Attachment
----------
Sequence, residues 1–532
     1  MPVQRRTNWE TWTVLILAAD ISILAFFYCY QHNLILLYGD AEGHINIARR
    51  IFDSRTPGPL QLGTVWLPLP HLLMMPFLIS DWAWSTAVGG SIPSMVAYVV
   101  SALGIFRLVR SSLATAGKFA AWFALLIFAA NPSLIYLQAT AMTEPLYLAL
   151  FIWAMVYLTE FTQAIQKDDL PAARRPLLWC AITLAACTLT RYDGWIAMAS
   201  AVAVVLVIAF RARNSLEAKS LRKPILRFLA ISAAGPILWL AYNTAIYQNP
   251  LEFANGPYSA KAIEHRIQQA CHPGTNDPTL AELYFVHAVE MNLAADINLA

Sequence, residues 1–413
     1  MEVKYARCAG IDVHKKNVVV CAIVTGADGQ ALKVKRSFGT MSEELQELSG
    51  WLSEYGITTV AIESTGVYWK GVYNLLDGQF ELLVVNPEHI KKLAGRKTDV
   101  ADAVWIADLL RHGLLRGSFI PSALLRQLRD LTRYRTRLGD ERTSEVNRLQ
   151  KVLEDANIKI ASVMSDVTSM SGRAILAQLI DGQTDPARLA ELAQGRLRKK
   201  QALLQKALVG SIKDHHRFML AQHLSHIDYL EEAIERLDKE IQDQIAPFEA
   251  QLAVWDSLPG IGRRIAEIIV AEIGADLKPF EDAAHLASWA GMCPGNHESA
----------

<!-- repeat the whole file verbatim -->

Sequence, residues 1–532
     1  MPVQRRTNWE TWTVLILAAD ISILAFFYCY QHNLILLYGD AEGHINIARR
    51  IFDSRTPGPL QLGTVWLPLP HLLMMPFLIS DWAWSTAVGG SIPSMVAYVV
   101  SALGIFRLVR SSLATAGKFA AWFALLIFAA NPSLIYLQAT AMTEPLYLAL
   151  FIWAMVYLTE FTQAIQKDDL PAARRPLLWC AITLAACTLT RYDGWIAMAS
   201  AVAVVLVIAF RARNSLEAKS LRKPILRFLA ISAAGPILWL AYNTAIYQNP
   251  LEFANGPYSA KAIEHRIQQA CHPGTNDPTL AELYFVHAVE MNLAADINLA

Sequence, residues 1–413
     1  MEVKYARCAG IDVHKKNVVV CAIVTGADGQ ALKVKRSFGT MSEELQELSG
    51  WLSEYGITTV AIESTGVYWK GVYNLLDGQF ELLVVNPEHI KKLAGRKTDV
   101  ADAVWIADLL RHGLLRGSFI PSALLRQLRD LTRYRTRLGD ERTSEVNRLQ
   151  KVLEDANIKI ASVMSDVTSM SGRAILAQLI DGQTDPARLA ELAQGRLRKK
   201  QALLQKALVG SIKDHHRFML AQHLSHIDYL EEAIERLDKE IQDQIAPFEA
   251  QLAVWDSLPG IGRRIAEIIV AEIGADLKPF EDAAHLASWA GMCPGNHESA